Once your doctor has looked for obvious signs or symptoms of disease, he or she may use any of three basic techniques to examine you. An examination may include auscultation, in which a stethoscope is used to listen to your chest or other parts of your body; palpation, in which an area is felt with the hands; and percussion, which involves listening to sounds made by tapping certain areas.
A stethoscope can be used to listen not only to the chest but also to sounds made by the intestines or by blood passing through blood vessels. The doctor interprets these sounds to determine whether or not they are normal.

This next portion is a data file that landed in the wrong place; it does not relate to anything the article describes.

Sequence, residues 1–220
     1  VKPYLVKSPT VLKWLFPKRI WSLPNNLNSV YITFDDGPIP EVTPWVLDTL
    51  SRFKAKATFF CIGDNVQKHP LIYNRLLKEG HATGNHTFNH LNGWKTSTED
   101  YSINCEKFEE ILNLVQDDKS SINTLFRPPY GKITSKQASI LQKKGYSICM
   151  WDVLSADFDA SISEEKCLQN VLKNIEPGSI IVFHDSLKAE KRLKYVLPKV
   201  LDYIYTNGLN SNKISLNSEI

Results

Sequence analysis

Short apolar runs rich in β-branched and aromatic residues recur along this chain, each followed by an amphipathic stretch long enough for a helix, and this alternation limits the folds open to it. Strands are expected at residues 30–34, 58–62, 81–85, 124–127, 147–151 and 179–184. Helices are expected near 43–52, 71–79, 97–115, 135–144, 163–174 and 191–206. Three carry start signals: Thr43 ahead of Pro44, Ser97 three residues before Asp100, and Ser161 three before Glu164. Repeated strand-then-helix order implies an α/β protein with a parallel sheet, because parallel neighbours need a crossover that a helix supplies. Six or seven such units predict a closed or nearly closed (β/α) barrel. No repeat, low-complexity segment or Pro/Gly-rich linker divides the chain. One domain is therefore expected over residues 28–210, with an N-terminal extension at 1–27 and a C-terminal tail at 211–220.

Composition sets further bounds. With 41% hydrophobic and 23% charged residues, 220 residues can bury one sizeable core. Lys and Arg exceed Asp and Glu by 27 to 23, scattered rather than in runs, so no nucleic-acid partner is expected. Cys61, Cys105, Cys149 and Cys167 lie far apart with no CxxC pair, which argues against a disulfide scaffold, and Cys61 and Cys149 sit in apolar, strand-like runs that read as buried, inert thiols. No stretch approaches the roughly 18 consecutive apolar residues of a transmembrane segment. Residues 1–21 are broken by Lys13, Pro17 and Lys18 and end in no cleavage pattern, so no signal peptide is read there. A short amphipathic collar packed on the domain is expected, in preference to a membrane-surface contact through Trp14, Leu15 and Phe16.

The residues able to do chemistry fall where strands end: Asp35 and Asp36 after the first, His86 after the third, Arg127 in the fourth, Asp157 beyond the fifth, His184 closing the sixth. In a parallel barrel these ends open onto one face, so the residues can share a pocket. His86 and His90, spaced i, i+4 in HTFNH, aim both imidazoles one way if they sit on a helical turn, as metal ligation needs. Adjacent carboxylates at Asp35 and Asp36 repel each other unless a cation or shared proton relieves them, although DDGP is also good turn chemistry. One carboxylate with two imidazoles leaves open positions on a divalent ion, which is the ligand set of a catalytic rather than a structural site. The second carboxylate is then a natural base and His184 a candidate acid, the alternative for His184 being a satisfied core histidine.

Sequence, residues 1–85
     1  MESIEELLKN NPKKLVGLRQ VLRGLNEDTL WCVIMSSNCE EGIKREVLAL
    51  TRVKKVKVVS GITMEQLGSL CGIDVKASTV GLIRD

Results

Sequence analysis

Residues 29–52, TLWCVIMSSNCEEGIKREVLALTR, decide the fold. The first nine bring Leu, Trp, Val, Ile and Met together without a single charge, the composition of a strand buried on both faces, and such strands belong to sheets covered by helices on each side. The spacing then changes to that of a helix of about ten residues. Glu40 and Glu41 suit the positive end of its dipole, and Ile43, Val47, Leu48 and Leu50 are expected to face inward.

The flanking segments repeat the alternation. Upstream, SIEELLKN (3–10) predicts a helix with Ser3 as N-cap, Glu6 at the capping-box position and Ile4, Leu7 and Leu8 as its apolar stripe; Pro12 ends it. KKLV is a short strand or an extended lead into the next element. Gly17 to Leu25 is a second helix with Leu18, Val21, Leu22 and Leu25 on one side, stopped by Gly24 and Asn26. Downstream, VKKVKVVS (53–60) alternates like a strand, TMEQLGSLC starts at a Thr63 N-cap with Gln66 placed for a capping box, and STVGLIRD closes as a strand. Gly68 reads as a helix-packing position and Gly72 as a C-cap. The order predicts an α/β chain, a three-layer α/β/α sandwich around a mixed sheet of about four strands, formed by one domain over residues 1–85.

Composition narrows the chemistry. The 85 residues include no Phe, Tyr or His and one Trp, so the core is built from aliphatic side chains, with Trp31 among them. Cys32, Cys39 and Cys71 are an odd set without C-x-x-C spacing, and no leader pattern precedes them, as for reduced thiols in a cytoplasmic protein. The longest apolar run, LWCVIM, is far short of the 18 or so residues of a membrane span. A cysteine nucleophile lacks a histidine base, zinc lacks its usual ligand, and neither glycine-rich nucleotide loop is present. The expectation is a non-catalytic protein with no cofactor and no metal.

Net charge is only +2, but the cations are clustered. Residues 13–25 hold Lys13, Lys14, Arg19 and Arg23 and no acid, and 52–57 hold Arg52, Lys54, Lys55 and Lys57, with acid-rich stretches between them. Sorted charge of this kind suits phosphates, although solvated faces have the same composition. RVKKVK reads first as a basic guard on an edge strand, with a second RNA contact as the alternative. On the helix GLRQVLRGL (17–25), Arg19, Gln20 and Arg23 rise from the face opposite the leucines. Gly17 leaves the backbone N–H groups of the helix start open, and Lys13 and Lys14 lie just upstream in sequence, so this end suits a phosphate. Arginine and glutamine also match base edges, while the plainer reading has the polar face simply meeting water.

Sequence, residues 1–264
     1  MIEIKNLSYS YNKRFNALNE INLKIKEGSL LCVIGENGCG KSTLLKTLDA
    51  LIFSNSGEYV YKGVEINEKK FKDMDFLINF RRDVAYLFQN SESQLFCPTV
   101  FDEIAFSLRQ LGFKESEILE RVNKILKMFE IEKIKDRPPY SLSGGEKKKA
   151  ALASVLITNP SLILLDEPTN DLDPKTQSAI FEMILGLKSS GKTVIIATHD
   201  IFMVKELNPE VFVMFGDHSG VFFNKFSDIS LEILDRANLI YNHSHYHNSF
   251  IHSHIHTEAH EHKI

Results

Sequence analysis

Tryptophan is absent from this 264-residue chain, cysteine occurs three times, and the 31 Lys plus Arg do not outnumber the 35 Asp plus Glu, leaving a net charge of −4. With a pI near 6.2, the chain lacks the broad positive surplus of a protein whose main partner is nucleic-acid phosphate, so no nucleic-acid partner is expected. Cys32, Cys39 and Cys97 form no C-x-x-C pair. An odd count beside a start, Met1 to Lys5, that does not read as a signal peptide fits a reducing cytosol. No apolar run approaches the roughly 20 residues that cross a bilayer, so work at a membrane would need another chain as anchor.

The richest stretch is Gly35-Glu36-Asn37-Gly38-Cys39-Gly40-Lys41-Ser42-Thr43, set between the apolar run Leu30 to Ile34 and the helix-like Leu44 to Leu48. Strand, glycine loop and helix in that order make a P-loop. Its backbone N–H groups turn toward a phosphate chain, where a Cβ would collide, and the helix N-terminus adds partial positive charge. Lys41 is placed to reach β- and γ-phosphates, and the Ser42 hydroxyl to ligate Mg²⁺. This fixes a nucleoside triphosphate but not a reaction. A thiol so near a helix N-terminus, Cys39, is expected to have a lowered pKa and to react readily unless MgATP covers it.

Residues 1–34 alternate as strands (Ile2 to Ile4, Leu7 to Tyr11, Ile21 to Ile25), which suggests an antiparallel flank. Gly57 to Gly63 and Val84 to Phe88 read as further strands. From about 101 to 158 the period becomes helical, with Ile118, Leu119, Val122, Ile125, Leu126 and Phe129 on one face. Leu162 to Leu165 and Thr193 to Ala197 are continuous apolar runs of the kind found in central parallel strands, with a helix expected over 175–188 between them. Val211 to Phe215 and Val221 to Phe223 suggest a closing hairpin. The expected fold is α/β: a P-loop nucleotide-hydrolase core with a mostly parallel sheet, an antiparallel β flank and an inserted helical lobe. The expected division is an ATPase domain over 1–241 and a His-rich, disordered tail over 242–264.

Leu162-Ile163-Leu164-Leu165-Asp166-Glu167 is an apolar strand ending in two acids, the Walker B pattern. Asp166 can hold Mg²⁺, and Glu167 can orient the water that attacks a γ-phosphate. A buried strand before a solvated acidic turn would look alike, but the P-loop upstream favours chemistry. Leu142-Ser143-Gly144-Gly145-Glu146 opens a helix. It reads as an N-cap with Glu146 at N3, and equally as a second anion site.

The doctor applies pressure with one or two hands and slowly feels over the entire abdomen. This will help him or her detect enlarged or tender internal organs or abnormal swellings.
By tapping different parts of the chest and abdomen and listening to the sounds that are produced, the doctor can distinguish solid tissue and fluids from gas-filled areas.